Healing the Emotional and Physical Scars of a Cardiac Event

Health Professional

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Everyone carries scars in life, and heart patients are no exception. In addition to the physical scar from an invasive procedure, like pacemaker installation, coronary artery bypass grafts (CABG), or valve surgery, are the sometimes deeper emotional scars of heart disease and recovery. After open heart surgery (OHS) or any major cardiac event, both types of healing must be addressed.

Incision care and exercise

Invasive heart surgeries occur in more than 500,000 people across the United States every year. Physical post-op recovery is, of course, a primary focus. Care and instructions about the incisions vary but revolve around keeping the wounds clean, dry, and infection free. Some doctors opt to cover the wound and others leave it open to the air, but all look for signs of healthy skin in the first four to eight weeks after surgery.

A few common themes recommended by the Society of Thoracic Surgeons, and surgical or rehab teams across the country, to help scars heal include:

  • Avoiding lotions or anything but mild (often hospital-provided) soap while the incision is still open or scabbing
  • Blocking the sun, with physical barriers like towels or shirts at first, to avoid permanent discoloration of the scar from melanin changes that darken the new skin
  • Washing the area with mild soap daily in the shower, and patting — not rubbing — the area dry

Of course, everybody heals differently, so there is no set timeline for you to be comfortable with clothing or gauze touching the scar. Redness, itchiness, and even peeling are normal parts of recovery that come and go as the area heals in the months just after surgery. With time, the scar will lose any scabs, flatten and shrink, and lighten in color. At this stage, sunblock and other typical lotions are safe to use, but your skin might still feel tight as you begin to stretch the chest muscles and exercise more.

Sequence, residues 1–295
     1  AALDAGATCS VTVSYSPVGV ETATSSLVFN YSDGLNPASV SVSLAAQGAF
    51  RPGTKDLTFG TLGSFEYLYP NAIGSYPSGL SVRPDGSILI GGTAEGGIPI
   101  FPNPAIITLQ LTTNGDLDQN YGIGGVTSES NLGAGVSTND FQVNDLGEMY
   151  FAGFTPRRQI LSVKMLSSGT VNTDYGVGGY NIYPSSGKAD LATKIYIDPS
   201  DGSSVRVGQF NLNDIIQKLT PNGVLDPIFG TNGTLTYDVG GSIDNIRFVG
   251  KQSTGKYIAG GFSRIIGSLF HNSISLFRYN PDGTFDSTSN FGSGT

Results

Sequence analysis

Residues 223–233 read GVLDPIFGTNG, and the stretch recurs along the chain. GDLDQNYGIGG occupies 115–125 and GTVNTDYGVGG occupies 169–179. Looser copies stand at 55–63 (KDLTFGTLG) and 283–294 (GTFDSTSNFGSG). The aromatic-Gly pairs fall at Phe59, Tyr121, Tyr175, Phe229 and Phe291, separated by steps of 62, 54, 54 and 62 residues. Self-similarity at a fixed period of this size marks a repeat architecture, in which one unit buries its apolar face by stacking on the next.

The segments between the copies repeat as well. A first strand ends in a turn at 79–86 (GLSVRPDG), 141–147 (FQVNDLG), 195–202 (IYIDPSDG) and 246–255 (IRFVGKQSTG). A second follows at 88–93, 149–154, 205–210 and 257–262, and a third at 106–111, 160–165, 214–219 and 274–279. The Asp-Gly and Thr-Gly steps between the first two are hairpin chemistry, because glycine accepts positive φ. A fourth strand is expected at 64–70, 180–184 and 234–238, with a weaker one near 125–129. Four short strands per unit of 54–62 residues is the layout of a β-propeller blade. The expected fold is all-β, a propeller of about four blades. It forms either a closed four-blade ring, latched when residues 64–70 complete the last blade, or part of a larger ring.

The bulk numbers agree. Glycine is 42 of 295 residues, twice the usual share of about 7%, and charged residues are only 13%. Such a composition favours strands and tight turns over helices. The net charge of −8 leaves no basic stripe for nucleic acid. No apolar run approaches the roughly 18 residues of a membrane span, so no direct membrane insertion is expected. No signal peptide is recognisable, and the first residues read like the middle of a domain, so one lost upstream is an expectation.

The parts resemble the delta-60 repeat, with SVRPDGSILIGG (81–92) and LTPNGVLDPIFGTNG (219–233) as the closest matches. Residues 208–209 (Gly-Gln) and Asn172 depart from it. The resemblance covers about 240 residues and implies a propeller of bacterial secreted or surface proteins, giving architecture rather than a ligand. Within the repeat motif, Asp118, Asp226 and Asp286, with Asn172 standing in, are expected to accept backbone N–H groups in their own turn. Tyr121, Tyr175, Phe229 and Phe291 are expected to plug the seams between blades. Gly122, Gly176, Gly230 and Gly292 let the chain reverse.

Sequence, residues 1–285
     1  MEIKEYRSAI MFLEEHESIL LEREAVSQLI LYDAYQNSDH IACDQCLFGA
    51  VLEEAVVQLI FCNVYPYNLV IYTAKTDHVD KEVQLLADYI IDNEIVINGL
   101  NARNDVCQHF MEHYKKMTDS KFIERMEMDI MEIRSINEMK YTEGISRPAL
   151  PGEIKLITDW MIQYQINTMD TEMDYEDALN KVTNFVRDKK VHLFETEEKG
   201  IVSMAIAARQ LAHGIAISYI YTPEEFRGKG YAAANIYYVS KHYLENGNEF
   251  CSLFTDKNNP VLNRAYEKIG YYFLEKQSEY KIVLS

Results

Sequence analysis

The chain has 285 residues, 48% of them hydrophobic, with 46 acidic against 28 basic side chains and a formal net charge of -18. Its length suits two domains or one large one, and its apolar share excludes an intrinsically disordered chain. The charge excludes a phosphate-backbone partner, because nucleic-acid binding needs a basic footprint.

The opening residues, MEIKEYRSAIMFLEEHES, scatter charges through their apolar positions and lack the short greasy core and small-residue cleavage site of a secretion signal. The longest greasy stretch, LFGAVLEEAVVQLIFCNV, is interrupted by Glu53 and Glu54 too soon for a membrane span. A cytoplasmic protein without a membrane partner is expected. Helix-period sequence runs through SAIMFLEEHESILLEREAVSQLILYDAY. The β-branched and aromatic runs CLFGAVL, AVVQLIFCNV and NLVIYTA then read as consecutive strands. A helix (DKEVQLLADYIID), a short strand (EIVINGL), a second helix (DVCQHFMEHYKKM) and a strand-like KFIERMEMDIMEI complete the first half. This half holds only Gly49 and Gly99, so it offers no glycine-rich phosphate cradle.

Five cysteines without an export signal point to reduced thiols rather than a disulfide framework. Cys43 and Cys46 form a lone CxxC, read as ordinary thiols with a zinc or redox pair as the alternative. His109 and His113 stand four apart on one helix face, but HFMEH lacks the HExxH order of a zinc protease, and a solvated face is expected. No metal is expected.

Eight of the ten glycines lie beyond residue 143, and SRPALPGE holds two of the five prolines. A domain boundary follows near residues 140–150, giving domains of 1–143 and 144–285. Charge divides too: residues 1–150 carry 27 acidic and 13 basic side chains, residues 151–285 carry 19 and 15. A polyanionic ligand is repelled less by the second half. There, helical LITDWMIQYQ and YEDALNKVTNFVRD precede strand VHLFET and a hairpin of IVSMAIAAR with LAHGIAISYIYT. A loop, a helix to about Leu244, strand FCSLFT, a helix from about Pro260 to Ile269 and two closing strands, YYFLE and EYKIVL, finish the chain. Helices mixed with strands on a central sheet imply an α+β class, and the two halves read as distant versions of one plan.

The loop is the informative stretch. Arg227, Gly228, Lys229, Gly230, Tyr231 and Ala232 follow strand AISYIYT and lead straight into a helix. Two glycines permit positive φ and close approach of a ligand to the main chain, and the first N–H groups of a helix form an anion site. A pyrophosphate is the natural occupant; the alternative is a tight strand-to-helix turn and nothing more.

Some warning signs that your incision isn’t healing as expected include:

  • Spreading redness or warmth, sometimes accompanied by a fever (> 101 degrees F) and chills
  • Swelling or re-opening of the incision
  • Oozing or pus

When can you exercise again?

A big question before surgery is how long it takes to recover and exercise again. Many patients are eager to return to aggressive fitness routines or at least to work-life roles they avoided because of heart symptoms. But the body has experienced a major trauma: multiple surgical incisions, stopping the heart with circulatory bypass, heavy anesthesia, and more. Your body needs to heal, and your heart needs to recondition in a structured way.

Although small stretches (like seated leg or arm rotations) and walking are supported as soon as possible after surgery, most professionals recommend approximately six weeks before returning to work or exercise. Some patients find that three months is just right to start slowly increasing exercise and daily activities, and this is when cardiac rehabilitation professionals officially lift sternal precautions, too.

Most challenging movements, like twisting, bending over and tying shoes, lifting groceries, or lying on your side, are discouraged at first to protect the sternum or stitched chest muscles. Although sternal guidelines exist, it’s always best to listen to what your own surgeon recommends for your specific health situation.